Film maker, producer, entrepreneur and television network executive, Maurice James has held many titles over his career. But for all of his different roles, there is one that embodies Maurice best, storyteller. Whether behind the camera or on the ground floor of numerous emerging media ventures, Maurice has spent much of his life dedicated to finding the stories that need to be told and bringing them to audiences around the world.
A native of Jackson Mississippi, Maurice’s journey in media creation has been reflective of the independent approach he brings to every facet of his life. A graduate of both Columbia University and The University of Southern California School of Cinematic Arts, Maurice has used early experiences working for some of the entertainment industry’s largest studios as a platform to create his own independent production company, mojo pictures. With credits that range from awards shows and theatrical productions to the critically acclaimed documentary Tropicália, Maurice now finds himself working on one of his most daring projects, launching an independent black owned television network known as Soul Of The South.
A guest of the Blackoutlets podcast series, listen to Maurice explain how his passion for storytelling has shaped his career and how he looks to reshape the media industry.
I have a confession to make. Despite being a relatively active consumer of media, I have never watched a single soap opera episode in its entirety. It is not that I have anything against soaps per se, it is just that I rarely have the opportunity to watch daytime television. And even on the rare occasions that I do find myself in front of a television at say 1 p.m. on a weekday, it is very difficult for me to not give my Nielsen ratings to such riveting programming as The Price is Right or Judge Joe Brown.
Now while my personal lack of interest in the suspense filled, plot twisting adventures of such shows as Days of our Lives, and The Young and the Restless is certainly nothing to give network executives cold sweats in the middle of the night, the overall decline that the soap opera genre has experienced over the last decade is. Once the undisputed leader of daytime television, soap operas are now struggling to keep pace with the ratings of unscripted daytime talk shows like Dr. Phil and court dramas like the aforementioned Judge Joe Brown. With virtually no new series in production and the list of running soap titles getting smaller and smaller, the genre now finds itself not only struggling for rating but for survival.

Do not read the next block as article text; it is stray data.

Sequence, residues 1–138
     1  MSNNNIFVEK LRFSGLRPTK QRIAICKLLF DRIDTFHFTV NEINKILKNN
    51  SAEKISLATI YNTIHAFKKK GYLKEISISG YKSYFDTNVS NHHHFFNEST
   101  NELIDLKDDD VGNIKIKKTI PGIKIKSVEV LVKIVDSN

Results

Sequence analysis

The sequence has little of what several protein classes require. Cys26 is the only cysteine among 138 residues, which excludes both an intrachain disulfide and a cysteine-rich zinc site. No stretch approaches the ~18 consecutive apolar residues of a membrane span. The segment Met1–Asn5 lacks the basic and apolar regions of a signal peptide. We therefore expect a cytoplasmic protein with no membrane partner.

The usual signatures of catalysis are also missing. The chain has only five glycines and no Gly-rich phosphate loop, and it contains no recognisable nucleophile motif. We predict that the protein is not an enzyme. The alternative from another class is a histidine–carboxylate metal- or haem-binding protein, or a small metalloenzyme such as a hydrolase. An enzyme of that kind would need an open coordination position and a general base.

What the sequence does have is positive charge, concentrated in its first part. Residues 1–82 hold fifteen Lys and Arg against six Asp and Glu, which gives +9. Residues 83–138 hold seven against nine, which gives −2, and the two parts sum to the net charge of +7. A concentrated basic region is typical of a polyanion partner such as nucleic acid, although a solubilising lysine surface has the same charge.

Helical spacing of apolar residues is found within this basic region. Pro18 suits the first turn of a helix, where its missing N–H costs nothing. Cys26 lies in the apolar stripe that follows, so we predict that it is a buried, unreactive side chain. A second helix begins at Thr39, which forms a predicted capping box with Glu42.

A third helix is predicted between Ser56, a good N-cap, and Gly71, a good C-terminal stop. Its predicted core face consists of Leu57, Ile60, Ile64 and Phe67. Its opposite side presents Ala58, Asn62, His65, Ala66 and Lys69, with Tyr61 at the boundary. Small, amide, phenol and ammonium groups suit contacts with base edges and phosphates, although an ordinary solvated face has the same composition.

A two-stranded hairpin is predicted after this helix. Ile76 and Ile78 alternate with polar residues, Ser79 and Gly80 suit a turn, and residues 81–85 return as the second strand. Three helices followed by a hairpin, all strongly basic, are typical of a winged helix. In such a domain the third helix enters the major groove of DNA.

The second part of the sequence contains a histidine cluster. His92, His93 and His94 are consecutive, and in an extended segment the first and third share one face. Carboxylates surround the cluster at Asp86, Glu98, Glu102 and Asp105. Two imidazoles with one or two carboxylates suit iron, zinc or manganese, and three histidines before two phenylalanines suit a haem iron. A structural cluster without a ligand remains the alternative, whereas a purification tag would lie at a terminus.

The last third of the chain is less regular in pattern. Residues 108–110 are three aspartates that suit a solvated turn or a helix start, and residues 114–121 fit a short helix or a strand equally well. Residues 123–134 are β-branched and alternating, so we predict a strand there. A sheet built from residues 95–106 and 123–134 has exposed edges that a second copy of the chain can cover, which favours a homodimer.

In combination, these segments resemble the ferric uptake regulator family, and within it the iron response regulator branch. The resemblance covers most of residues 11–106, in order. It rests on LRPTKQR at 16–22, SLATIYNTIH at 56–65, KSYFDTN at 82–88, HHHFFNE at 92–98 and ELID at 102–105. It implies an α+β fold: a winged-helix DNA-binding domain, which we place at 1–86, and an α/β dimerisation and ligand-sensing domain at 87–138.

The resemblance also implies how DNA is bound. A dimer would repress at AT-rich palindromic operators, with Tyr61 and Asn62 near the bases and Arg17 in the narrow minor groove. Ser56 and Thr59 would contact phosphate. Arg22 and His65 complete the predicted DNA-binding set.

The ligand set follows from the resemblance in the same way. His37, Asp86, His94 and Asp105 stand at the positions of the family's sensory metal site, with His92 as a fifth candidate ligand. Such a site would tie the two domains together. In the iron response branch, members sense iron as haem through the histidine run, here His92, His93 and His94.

For a genre that is characterized by the longevity of its creative work and the fierce loyalty of its audience, how did we get to this point? A convergence of a variety of factors, from shifts in the makeup of the modern workforce, to the rise of online content alternatives, the decline of soap operas can really be explained by one simple fact. While the American audience has changed, soap operas have not. More than just a reliance on decade old themes and cinematography techniques, soap operas have failed to appreciate the shifts in the cultural make up of their existing audience and of the American population as a whole. Nowhere is this more apparent than in the longstanding lack of African American representation both in front of and behind the Soap opera camera. Despite statistical evidence collected by organizations such as Conde Nast stating that African Americans make up nearly 40% of the audience for such marquee soap operas as The Young and the Restless, the portrayal of black characters in leading roles remains slim at best.
It is with the issue of soap opera diversity in mind that actress, author and soap opera veteran, Victoria Rowell looks to create her own solution with her new project, The Rich and the Ruthless. An independently produced soap opera, The Rich and The Ruthless looks to provide the diversity in talent and content that Rowell believes audiences have been craving. A longtime diversity advocate, Rowell has spoken on numerous occasions about the importance of soap operas being reflective of the changing audience they serve and audiences being critical of the soap operas they support. Having launched an Indiegogo campaign to crowdfund her new show on August 29th, Rowell is literally putting that what she preaches into practice.
Now while it is unclear if Rowell will succeed in raising enough funds online to launch The Rich and the Ruthless in the immediate future, it is still a significant venture in that it once again highlights the ability of marginalized communities to take ownership of the creative content they enjoy. This is an issue that is not limited to African American audiences or to soap operas as a genre, the lack of diverse representation in media is something which can be changed if it is continually challenged through ventures like Rowell’s.